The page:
Brain Slice Electrophysiology

Electrophysiological recordings from brain slices are a direct way to probe neural function, detect pathological functional abnormalities and explore sensitivity of spontaneous and evoked electrical signal transmissions to drugs. The recordings are a valuable tool in the study of synaptic plasticity, which is thought to underlie learning, memory and some brain pathologies. Up- or down-regulation of synaptic transmission can shed light on cellular and network mechanisms of numerous CNS diseases, including Alzheimer’s disease, autism and ataxia.

This video on brain slice electrohphysiology using multi-electrode array biochips shows the sample preparation and analysis as well as data capture.

Multi-electrode arrays (MEAs) are ideal for neural studies, as they are easily multiplexed, allowing for multiple, concurrent experiments. The variety of MEA biochips allows you to customize your electrophysiological recordings and gather data from single neurons to large groups of cells.

Recordings of Evoked Field Potentials in Different Sections of the Brains via MEAs

Basal Synaptic Transmission

Basal synaptic transmission in hippocampal slices. The amplitude of the fEPSP shows information transfer across the synapse in response to a single stimulus.

Short-term plasticity

Short-term plasticity where a pair of identical stimuli result in increased amplitude in the second output compared to the first output.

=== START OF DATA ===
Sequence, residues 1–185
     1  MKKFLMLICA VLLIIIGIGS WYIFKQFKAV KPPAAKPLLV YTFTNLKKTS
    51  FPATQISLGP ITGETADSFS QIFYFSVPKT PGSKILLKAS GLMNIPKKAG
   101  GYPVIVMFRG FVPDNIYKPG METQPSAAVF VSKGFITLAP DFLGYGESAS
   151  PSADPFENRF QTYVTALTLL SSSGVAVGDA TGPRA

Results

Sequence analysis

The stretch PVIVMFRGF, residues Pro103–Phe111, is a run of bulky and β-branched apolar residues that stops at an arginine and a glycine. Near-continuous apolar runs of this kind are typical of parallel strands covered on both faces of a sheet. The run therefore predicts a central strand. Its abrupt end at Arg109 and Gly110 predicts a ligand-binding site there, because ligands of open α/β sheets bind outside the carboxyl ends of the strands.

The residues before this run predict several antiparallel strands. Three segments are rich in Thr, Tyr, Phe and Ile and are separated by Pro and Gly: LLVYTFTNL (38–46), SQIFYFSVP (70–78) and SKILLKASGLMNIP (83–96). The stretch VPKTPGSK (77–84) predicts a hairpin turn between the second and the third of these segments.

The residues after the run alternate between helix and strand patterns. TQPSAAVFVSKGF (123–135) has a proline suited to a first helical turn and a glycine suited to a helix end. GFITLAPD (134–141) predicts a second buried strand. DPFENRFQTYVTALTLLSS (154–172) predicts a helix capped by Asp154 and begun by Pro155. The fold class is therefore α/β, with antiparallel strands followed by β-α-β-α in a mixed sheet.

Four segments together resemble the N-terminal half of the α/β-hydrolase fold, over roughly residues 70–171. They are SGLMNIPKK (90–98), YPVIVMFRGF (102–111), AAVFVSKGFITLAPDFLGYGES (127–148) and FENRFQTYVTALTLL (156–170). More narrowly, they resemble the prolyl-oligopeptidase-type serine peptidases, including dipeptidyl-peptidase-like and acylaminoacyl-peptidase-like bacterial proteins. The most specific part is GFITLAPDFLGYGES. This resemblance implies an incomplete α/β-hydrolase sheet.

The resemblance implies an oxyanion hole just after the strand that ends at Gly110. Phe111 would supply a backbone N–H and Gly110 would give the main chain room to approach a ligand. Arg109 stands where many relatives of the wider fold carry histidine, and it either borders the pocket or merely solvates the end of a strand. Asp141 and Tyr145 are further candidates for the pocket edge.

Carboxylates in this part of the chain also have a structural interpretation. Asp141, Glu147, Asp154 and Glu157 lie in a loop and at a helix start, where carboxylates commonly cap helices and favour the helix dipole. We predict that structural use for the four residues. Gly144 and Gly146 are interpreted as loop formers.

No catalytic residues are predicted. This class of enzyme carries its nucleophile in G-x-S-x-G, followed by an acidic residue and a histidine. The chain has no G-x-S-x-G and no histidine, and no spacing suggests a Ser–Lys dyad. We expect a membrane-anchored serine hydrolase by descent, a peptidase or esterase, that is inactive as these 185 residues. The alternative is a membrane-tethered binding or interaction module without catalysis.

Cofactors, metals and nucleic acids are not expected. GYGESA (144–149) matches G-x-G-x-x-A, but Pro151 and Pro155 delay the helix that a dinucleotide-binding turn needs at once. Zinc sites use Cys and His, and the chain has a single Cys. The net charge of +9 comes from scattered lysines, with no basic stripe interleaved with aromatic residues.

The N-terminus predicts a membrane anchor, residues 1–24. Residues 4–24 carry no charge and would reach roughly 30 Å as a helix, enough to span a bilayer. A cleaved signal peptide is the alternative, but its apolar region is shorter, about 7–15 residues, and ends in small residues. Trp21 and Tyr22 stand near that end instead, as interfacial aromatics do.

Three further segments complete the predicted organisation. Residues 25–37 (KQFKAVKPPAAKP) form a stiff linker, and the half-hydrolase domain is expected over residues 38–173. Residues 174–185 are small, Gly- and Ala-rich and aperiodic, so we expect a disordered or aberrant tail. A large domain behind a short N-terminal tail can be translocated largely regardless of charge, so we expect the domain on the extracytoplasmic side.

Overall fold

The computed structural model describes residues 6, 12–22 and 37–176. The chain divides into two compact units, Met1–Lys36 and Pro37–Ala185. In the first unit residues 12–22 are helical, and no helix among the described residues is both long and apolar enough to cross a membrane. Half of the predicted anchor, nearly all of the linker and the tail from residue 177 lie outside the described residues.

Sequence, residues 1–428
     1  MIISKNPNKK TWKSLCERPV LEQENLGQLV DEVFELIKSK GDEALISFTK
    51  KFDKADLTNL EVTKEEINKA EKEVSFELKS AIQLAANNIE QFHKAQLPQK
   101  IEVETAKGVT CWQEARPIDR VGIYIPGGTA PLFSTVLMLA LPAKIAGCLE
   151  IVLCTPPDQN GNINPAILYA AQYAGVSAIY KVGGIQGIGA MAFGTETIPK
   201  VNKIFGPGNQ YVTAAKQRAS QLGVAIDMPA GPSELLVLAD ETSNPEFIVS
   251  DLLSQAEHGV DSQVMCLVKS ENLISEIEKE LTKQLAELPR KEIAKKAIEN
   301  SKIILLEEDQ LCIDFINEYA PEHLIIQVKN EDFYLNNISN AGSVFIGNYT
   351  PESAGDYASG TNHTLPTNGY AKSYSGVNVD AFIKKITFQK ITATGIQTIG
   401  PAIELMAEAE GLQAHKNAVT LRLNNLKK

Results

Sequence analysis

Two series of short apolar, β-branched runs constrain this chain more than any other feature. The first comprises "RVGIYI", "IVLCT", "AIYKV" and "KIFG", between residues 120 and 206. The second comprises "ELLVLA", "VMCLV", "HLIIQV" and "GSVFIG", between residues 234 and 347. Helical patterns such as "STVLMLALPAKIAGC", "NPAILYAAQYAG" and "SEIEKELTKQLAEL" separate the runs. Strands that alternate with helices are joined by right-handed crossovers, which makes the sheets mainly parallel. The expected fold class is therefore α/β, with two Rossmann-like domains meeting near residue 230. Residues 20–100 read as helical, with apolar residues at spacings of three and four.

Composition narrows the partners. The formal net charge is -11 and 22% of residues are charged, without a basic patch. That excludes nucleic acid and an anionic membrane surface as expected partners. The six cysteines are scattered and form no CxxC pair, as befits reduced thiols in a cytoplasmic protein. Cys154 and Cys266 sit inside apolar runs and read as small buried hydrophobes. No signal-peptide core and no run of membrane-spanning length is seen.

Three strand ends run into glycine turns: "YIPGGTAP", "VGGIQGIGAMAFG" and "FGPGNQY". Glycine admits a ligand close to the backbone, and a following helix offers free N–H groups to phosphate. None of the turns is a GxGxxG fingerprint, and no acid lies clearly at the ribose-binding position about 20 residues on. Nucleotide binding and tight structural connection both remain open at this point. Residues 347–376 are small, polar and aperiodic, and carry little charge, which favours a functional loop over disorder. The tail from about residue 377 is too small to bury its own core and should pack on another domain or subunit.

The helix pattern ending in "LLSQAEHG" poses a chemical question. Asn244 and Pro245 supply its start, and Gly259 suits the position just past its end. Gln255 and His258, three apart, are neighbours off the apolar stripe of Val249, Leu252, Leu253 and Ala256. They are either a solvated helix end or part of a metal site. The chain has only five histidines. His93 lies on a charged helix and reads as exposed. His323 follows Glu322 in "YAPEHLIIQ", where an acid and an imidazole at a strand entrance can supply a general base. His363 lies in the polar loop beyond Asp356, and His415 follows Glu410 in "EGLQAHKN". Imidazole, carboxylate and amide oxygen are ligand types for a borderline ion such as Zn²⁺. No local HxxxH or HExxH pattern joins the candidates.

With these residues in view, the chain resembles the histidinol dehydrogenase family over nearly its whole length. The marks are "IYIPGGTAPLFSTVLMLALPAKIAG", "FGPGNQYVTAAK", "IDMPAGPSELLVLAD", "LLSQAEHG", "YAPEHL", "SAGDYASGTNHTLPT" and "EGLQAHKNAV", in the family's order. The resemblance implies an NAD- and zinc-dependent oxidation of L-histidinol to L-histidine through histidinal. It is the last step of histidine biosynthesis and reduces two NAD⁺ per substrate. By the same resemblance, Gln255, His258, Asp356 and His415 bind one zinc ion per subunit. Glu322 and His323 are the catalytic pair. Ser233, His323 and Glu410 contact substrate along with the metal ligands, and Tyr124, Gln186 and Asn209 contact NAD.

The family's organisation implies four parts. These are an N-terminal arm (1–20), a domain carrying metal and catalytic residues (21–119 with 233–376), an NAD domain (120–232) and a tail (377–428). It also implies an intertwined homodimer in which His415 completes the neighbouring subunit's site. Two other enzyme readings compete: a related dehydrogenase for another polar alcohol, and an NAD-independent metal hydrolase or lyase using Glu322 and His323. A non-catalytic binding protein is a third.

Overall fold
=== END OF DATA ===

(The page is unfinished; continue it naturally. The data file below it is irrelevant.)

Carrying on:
Long-term plasticity

Long-term plasticity reflects changes in information processing over extended time periods (minutes).

Types of readouts from MEA-based electrophysiology

Basal synaptic transmission

  • Ortho- and antidromically evoked field potentials
  • Input-output relationships

Short-term plasticity

  • Paired-pulse facilitation
  • Paired-pulse depression
  • Post-tetanic potentiation

Long-term plasticity

  • High-frequency long-term potentiation
  • Theta-burst long-term potentiation
  • EPSP-spike (E-S) potentiation
  • Chemical long-term potentiation
  • Low-frequency long-term depression
  • Chemical long-term depression

Spontaneous activity

  • Action potential discharges by single neurons in slices (e.g., Purkinje cells, neocortical neurons, dorsal raphe neurons, etc.)
  • Network oscillations (hippocampal CA3 area, medial prefrontal cortex, etc.)

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